Univeriate curve-fitting, interpolation, polynomial, spline, Akima
OverviewUnivariate interpolation is an area of curve-fitting which, as opposed to univariate regression analysis, finds the curve that provides an exact fit to a series of two-dimensional data points. It is called univariate as the data points are supposed to be sampled from a one-variable function. Compare this to multivariate interpolation, which aims at fitting data points sampled from a function of several variables. Formally speaking, consider a series of data points and, for the sake of simplicity, consider that , i.e. the points are distinct and are in increasing order with respect to . By interpolating these data points we mean finding a function such that:
Polynomial InterpolationIn the following, let us assume that the interpolation function is polynomial, i.e. is of the type Interpolation/Lagrange. Consider the function
Runge's PhenomenonWhen trying to estimate the error between the original function, from which the series of data points has been sampled, and the polynomial interpolation function , one may notice the following phenomenon. Conside the Runge function:
Spline InterpolationSpline interpolation is somehow a generalization of polynomial interpolation, in that we do not necessarily have to find a single polynomial function to fit the data over the entire interval, but we rather try to find several polynomial functions to fit the data over each subinterval determined by two consecutive data points, while obeying some smoothness conditions. One of the advantages of this generalization is that the resulting interpolation function is less wiggly, as in the case of e.g. Lagrange interpolation. Formally, consider the series of data points in the above paragraphs, which are distinct and ordered increasingly with respect to . A spline interpolation function of degree for the given data points is a function which satisfies the following conditions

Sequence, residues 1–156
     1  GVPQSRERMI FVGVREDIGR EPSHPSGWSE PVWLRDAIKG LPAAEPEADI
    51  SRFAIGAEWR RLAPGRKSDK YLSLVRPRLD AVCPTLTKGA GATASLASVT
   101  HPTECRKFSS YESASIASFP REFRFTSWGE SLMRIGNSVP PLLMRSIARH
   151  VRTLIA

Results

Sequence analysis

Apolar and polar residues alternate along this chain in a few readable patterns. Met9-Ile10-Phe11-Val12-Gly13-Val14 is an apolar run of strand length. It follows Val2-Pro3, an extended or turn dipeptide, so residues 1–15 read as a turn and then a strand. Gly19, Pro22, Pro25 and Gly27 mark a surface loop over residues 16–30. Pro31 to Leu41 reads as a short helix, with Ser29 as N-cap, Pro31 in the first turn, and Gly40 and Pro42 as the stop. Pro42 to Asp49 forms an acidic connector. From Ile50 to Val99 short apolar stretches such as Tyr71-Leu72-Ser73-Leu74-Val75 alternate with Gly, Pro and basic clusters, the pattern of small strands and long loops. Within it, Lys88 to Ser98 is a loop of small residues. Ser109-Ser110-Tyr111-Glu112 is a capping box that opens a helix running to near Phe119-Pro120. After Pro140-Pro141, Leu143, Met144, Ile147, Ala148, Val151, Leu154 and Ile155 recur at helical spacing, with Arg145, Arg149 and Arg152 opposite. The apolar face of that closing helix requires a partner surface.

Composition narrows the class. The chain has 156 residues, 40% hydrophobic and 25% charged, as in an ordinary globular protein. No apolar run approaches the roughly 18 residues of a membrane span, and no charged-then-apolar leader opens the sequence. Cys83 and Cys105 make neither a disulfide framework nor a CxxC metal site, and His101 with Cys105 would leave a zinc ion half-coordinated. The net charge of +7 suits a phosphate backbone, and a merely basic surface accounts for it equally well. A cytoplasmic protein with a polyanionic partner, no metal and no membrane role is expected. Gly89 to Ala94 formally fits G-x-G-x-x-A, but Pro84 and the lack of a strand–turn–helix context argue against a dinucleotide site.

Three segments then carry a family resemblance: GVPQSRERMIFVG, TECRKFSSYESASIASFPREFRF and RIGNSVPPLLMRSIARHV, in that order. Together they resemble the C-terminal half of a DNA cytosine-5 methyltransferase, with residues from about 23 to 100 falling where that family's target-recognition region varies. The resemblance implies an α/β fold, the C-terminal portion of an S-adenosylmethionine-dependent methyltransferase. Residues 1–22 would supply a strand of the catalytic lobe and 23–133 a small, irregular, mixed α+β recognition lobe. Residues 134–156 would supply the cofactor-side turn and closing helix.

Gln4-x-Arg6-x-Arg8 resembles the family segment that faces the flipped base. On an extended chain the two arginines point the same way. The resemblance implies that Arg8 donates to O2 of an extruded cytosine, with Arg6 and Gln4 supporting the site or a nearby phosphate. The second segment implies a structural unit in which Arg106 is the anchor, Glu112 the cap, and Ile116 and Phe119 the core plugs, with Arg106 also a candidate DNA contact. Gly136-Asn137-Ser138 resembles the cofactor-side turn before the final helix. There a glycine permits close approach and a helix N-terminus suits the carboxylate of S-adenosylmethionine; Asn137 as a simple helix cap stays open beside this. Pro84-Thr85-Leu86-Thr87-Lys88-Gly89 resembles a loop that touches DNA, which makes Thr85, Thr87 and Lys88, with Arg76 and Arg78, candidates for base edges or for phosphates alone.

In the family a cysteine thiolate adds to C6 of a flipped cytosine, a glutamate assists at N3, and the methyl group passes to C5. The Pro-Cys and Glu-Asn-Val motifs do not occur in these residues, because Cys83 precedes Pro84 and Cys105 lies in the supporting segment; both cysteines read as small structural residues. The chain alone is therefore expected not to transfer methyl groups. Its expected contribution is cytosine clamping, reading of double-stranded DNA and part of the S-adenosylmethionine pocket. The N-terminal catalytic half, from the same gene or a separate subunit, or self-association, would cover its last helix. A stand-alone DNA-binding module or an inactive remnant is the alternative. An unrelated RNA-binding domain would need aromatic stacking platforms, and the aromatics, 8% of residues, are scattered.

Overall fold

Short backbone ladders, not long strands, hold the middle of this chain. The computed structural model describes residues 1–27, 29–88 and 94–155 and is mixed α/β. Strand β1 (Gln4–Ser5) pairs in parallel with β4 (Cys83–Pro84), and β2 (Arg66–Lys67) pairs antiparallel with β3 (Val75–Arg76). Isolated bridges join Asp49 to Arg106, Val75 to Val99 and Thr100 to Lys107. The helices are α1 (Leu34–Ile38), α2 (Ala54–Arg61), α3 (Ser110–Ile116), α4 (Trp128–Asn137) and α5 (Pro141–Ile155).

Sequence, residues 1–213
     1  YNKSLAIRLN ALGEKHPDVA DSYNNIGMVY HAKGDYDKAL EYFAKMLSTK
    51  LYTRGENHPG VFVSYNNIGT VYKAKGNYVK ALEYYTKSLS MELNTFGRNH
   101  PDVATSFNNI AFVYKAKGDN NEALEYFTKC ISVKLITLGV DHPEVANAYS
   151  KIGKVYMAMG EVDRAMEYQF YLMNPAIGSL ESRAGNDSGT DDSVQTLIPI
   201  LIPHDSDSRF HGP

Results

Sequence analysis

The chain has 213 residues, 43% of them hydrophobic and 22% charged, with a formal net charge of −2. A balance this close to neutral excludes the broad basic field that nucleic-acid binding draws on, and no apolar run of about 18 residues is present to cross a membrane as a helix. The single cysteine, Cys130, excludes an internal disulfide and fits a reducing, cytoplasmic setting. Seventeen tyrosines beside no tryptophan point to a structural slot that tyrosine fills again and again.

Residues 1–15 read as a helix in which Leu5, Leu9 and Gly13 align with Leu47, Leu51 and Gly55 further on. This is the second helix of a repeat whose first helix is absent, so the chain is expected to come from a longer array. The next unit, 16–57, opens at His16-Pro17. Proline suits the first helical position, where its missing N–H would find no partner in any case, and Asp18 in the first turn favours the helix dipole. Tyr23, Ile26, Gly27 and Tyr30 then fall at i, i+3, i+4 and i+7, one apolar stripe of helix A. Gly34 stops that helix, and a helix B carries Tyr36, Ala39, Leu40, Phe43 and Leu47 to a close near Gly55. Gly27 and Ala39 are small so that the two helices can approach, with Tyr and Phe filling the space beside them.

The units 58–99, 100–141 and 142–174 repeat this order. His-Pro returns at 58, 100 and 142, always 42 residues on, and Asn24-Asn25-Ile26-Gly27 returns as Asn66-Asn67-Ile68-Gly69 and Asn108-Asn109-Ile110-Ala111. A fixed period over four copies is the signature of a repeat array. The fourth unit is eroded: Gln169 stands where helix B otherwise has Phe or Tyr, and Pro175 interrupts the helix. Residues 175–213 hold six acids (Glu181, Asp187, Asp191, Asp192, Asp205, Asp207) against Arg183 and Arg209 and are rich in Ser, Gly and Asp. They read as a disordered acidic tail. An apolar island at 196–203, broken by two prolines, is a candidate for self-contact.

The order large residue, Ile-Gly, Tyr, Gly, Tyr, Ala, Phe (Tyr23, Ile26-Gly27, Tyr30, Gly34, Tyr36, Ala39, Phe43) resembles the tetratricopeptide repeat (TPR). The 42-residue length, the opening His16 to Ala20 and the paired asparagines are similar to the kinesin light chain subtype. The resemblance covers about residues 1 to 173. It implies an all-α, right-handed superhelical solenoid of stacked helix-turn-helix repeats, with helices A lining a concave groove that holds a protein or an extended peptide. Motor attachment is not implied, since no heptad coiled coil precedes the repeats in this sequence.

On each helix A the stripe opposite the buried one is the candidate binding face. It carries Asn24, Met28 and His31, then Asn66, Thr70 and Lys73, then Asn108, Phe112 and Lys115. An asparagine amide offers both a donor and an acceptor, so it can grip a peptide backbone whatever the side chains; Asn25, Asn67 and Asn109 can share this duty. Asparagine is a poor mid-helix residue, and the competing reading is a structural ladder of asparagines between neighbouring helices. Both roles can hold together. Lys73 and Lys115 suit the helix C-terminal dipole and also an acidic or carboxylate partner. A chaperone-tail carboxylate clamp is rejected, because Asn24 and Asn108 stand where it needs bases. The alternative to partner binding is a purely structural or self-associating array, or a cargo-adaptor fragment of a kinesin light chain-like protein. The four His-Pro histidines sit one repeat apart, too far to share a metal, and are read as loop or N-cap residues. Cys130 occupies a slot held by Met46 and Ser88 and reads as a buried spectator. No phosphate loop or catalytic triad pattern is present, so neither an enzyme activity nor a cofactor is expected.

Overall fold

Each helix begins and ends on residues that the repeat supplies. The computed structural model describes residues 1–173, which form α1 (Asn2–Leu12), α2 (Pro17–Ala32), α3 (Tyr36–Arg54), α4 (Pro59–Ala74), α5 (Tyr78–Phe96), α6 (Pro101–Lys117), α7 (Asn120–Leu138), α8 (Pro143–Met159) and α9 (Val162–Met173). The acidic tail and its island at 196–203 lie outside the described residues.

- , for all and all , where is some polynomial function with degree less than or equal to
- the derivatives of up to the order are all continuous in the given data points, which basically means that for all we require that:
- George M. Philips, Interpolation and Approximation by Polynomials, Springer-Verlag, New York, 2003.
- Hiroshi Akima, A New Method of Interpolation and Smooth Curve Fitting Based on Local Procedures, Journal of the ACM, Vol. 17, No. 4, October 1970, pp. 589-602.